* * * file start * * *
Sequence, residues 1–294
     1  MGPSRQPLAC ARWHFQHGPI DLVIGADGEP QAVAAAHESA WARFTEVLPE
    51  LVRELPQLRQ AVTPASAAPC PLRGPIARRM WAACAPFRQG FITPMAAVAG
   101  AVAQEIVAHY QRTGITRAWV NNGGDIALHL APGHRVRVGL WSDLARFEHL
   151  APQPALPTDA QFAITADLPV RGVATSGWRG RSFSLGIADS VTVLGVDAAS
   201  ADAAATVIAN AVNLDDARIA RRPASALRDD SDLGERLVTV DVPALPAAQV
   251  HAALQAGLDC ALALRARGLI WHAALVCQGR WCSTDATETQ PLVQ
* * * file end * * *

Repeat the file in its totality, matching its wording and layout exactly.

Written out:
Sequence, residues 1–294
     1  MGPSRQPLAC ARWHFQHGPI DLVIGADGEP QAVAAAHESA WARFTEVLPE
    51  LVRELPQLRQ AVTPASAAPC PLRGPIARRM WAACAPFRQG FITPMAAVAG
   101  AVAQEIVAHY QRTGITRAWV NNGGDIALHL APGHRVRVGL WSDLARFEHL
   151  APQPALPTDA QFAITADLPV RGVATSGWRG RSFSLGIADS VTVLGVDAAS
   201  ADAAATVIAN AVNLDDARIA RRPASALRDD SDLGERLVTV DVPALPAAQV
   251  HAALQAGLDC ALALRARGLI WHAALVCQGR WCSTDATETQ PLVQ